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It's an amusing story. Or perhaps I mean "bemusing."


Every now and then, I call the Urbana non-emergency line to tell the city about illegal activities that I've witnessed -- things that actually harm people, not college kids smoking weed.


I always get the same response: They patch me over to METCAD. Sometimes, the operator is interested in what I have to say.


A few months ago, I had a seemingly typical encounter with an Urbana cop. In the end, it proved atypical, and I was glad. I happen to know this cop was Oscar Gamble. I don't know all the cops, but I try.


He was doing some paperwork when I approached his squad car. I told him of a dangerous parking situation on my street.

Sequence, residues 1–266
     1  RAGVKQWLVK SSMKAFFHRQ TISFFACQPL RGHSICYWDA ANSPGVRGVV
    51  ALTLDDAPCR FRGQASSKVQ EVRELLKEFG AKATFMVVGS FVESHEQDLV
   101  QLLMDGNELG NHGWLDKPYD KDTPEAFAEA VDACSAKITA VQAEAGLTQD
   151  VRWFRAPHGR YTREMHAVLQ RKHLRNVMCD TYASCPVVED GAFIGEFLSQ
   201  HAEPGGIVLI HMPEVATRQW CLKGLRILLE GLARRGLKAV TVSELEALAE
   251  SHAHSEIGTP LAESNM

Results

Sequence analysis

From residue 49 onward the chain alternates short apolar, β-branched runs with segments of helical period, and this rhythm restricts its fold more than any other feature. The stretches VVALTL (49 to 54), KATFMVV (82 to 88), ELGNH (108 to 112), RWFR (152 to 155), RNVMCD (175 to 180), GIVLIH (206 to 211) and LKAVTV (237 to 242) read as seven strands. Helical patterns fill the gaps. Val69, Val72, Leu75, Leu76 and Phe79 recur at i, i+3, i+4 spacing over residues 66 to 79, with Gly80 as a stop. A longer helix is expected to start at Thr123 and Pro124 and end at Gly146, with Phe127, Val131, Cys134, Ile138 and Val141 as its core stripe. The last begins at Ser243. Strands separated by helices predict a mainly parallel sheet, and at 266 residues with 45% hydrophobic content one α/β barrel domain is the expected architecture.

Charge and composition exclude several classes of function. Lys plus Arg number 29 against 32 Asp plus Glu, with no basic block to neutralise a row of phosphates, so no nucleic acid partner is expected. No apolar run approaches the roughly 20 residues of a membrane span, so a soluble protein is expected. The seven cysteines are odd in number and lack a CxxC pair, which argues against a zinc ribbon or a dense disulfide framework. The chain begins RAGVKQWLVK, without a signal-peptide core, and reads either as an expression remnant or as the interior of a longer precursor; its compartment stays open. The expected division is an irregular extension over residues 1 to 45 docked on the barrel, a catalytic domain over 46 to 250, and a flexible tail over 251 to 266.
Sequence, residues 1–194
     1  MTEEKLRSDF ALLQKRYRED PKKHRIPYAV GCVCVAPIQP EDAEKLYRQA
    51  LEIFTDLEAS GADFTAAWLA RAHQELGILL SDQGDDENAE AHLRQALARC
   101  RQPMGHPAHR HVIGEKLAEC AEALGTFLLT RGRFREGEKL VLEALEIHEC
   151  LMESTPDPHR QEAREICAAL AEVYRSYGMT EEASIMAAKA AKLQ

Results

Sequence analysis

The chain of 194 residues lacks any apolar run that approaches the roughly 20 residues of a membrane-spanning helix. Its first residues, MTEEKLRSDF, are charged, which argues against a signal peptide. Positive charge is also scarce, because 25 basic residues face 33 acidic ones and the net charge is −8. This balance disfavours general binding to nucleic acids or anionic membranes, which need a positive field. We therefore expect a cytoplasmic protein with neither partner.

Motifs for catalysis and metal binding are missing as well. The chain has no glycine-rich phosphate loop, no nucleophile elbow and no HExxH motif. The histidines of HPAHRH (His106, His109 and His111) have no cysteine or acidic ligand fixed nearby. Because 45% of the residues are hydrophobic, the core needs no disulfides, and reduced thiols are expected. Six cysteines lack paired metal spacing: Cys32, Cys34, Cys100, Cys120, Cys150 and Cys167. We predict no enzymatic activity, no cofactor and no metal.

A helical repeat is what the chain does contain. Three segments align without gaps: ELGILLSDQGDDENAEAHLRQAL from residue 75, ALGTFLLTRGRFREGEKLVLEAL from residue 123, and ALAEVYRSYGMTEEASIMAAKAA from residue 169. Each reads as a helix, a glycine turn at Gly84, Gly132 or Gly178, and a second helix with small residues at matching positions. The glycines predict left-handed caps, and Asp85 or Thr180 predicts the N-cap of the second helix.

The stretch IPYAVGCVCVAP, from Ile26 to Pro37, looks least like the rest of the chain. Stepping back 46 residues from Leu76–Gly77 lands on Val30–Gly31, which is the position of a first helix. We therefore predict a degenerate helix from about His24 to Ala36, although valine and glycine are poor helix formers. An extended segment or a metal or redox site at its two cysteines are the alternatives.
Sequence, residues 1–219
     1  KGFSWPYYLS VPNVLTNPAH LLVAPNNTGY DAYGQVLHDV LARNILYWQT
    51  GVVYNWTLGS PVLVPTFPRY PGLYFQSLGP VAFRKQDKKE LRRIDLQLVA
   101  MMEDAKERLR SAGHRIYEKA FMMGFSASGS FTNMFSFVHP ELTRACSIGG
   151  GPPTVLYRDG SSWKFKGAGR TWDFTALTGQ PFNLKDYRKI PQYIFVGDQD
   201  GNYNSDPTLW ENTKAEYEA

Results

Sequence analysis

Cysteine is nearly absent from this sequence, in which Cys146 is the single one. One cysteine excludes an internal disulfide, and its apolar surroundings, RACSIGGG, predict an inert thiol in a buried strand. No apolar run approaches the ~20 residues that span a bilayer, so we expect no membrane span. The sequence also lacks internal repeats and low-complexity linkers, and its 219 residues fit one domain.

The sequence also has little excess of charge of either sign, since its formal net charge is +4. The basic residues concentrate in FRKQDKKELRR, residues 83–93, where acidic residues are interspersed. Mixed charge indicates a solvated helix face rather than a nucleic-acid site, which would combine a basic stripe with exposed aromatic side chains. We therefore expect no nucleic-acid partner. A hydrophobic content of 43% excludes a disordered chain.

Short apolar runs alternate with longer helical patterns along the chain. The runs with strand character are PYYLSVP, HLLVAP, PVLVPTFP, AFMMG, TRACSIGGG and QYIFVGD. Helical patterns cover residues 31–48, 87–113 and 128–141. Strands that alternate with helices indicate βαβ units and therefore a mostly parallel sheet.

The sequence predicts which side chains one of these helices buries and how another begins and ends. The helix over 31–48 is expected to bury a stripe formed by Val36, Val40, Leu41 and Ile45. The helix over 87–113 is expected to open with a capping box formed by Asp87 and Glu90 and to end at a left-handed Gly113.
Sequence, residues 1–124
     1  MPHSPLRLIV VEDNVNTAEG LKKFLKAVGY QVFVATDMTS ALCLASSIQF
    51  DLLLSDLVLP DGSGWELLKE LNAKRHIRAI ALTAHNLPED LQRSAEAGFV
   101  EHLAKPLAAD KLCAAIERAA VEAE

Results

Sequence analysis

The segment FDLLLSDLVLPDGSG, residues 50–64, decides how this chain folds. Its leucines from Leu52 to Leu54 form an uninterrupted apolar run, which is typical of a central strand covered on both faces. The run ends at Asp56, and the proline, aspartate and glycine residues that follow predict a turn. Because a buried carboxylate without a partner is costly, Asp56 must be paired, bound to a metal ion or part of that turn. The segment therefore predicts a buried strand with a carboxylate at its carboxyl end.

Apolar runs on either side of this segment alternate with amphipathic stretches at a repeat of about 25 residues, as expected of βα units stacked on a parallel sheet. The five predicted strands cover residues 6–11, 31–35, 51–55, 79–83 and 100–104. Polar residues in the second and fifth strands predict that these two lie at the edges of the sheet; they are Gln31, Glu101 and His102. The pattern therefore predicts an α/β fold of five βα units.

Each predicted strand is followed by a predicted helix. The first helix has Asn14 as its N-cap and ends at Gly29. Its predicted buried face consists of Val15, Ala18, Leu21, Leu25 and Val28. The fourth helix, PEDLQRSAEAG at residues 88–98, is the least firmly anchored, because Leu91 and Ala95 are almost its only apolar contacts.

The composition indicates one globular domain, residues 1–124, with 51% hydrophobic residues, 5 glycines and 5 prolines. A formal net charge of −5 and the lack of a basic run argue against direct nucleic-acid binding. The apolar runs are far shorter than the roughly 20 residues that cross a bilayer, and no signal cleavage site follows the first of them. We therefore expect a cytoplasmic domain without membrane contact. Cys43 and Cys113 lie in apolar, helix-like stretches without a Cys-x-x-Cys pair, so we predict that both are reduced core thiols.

"Parking" doesn't sound dangerous right? But Oscar seemed able to add "no sidewalks" + "blind curve" + "many children & cyclists" + "intersection with no stop sign" + "no street lights" and come to the conclusion that the sasshole who habitually parked in the clearly marked "no parking" area was forcing everyone else into the middle of a (potentially) very dangerous street.

He drove over to the guy's house and, as far as I can tell, calmly explained why "the problem" was a problem. The problem stopped.


(I can already imagine why various faux-libertarians think this is Big Gubmint Gone Crazy.)


Oscar's responsiveness struck me as unusual. If there's a new initiative re: listening to neighborhood problems, color me surprised.

ERE wrote on July 19, 2013 at 9:07 am
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Good to see you back, Rob! When are you going to start covering Illini b-ball with your usual energy again? Any predicts on Alexander? 

ROB McCOLLEY wrote on July 19, 2013 at 10:07 am
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Back? I complain here all the time!







Look for a story in the inaugural Bonfire magazine (SP's hard copy quarterly) in August. Otherwise, I'm on vacation, and thanks for asking.